Wednesday, August 27

Call Me...The Mojito Man

Developments of Note

You encounter lots of different characters in Central Park on a Sunday afternoon: tourists, families, college students, joggers, rollerbladers, bums, rats, etc. But on a recent outing to throw the Frisbee around, I took note of a separate breed of park dwellers: the alcohol pushers. These peddlers walk around and sell bottles of water, soda, cans of miller light and other quality beers to people like me, who do not plan ahead and supply their own beverage to relinquish their thirst. These field peddlers are a normal component of the park society, as they often supply my company softball team with cans of coors light before the game to help us get pumped up, as well as after the game to help us drown our sorrows.

But I noticed something different on Sunday. A man carrying around a blender (with no cord) offering to make mojitos, daquiris and other tasty blended beverages. A more perfect idea simply does not exist. This man is set out to make millions, as he apparently is the only person in all of Central Park that is equipped to take on such a task. I asked him about his business strategy and he informed me that he’s been written about everywhere, which apparently only consists of Time Out NY and the New Yorker. I couldn’t help but laugh to myself. This guy? In the New Yorker? Come on, they don’t profile desolate street bums in the New Yorker, one of the most well-respected literary publications of modern day times.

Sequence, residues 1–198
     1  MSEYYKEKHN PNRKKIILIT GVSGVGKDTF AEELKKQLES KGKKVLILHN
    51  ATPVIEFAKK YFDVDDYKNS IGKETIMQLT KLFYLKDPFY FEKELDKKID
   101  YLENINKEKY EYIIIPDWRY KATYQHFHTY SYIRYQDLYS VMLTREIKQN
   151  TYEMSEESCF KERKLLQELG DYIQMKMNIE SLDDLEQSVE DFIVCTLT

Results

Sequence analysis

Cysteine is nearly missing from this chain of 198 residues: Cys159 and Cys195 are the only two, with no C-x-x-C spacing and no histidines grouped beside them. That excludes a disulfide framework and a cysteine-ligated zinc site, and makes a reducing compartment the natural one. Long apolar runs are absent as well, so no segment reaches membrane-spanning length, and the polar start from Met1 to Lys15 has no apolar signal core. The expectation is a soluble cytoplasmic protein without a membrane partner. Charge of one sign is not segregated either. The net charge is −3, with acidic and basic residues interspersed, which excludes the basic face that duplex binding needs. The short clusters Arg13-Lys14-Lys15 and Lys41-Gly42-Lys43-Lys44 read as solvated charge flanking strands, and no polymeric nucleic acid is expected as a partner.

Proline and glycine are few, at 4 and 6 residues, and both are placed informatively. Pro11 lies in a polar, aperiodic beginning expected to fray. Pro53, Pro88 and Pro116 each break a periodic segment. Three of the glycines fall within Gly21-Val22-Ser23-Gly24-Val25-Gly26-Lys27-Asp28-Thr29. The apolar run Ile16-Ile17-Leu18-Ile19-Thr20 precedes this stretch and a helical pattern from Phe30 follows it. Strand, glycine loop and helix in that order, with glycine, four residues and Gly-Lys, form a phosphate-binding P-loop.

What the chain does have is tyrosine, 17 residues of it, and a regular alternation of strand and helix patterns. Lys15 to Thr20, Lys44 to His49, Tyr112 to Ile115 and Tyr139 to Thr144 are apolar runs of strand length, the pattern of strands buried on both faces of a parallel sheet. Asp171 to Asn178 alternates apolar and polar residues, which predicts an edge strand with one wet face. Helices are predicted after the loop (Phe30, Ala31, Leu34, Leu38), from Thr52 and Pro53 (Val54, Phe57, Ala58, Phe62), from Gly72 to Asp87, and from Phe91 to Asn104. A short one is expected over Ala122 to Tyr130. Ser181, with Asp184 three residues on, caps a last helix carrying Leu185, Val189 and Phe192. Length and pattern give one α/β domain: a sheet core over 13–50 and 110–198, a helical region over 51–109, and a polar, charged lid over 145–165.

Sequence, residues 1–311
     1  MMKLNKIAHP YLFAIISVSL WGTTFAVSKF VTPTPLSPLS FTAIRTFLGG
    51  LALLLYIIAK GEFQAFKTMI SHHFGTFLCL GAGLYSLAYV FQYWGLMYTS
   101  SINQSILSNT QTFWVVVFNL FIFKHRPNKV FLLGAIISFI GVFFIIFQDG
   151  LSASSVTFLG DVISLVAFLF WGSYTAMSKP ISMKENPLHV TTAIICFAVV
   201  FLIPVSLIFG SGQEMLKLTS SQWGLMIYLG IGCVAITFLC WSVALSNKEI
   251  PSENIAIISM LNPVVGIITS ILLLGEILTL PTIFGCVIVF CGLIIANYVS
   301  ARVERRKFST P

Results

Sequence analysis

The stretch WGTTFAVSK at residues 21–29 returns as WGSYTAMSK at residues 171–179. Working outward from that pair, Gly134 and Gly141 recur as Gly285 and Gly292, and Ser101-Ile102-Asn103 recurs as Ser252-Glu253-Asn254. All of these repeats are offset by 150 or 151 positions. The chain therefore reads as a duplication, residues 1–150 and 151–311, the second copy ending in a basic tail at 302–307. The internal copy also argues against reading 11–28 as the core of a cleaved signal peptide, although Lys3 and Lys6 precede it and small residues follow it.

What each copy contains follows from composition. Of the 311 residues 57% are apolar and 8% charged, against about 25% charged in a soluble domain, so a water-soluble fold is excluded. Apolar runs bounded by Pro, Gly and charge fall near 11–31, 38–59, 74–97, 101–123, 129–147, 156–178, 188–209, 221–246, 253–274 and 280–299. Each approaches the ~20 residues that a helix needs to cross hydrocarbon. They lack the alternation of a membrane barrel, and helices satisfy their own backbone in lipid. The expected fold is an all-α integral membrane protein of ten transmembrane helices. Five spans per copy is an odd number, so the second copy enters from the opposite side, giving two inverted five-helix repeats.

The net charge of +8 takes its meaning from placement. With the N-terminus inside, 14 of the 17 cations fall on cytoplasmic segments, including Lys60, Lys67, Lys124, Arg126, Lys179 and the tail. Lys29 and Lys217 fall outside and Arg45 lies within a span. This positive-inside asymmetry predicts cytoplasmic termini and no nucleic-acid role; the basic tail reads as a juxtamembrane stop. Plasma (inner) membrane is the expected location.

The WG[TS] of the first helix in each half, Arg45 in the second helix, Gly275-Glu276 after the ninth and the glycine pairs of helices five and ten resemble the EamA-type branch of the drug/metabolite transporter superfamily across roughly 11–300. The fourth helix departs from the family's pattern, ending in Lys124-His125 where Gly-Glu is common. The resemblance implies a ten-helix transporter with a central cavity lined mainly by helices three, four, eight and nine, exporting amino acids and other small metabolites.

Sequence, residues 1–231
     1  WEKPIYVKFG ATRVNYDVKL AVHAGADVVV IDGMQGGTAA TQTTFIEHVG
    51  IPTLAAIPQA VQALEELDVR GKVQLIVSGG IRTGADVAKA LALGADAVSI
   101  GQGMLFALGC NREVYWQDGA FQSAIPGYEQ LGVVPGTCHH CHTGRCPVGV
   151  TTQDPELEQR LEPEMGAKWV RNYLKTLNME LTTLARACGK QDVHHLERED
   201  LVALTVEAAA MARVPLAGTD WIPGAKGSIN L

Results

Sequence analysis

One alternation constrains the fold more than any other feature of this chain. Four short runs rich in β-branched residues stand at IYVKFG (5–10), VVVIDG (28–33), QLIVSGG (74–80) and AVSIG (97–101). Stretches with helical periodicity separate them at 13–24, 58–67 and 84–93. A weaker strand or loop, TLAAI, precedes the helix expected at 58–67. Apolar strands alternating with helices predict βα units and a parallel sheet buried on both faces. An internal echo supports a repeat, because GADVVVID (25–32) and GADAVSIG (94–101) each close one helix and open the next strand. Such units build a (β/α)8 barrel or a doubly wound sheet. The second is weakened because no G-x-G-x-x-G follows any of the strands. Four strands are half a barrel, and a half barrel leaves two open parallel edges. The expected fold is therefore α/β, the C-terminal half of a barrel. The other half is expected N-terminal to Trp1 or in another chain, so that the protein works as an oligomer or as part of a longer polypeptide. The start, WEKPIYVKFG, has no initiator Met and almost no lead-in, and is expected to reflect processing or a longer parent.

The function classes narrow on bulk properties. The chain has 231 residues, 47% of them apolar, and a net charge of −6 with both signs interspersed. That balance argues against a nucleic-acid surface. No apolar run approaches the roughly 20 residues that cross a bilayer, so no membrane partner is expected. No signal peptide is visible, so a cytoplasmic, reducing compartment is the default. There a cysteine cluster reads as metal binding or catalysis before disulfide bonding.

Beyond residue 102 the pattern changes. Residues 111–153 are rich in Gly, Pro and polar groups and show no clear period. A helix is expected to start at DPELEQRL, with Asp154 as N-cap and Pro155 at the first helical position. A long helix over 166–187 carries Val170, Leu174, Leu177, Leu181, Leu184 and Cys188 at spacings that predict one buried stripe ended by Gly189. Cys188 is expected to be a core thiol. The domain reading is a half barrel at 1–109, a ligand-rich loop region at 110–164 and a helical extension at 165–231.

Well…apparently they do. The Mojito Man’s real name is Junius. He carries a cordless Black & Decker blender with him. And the New Yorker claims “one of the most enterprising men ever to vend without a license in the Park.” And apparently his genius idea is paying off, as Junius cleans up at about nine hundred dollars each week and plans to vacation in Hawaii during the off-season to run the Honolulu Marathon.

My favorite part of the article is when Junius describes how this stroke of genius came to him via divine intervention:

“I walked into an Odd Job store on Fourteenth Street, and there was a shelf full of Black & Decker cordless blenders. I hadn’t even known such a thing existed. I said to myself, ‘That’s divine intervention!’ I bought three. Spent everything I had in my pocket. The next day, I went back, and the blenders were all gone. I haven’t come across one since. Divine intervention!”

I will never judge a man carrying around a cordless blender, and smelling like the East River, ever again.

Developments of Note

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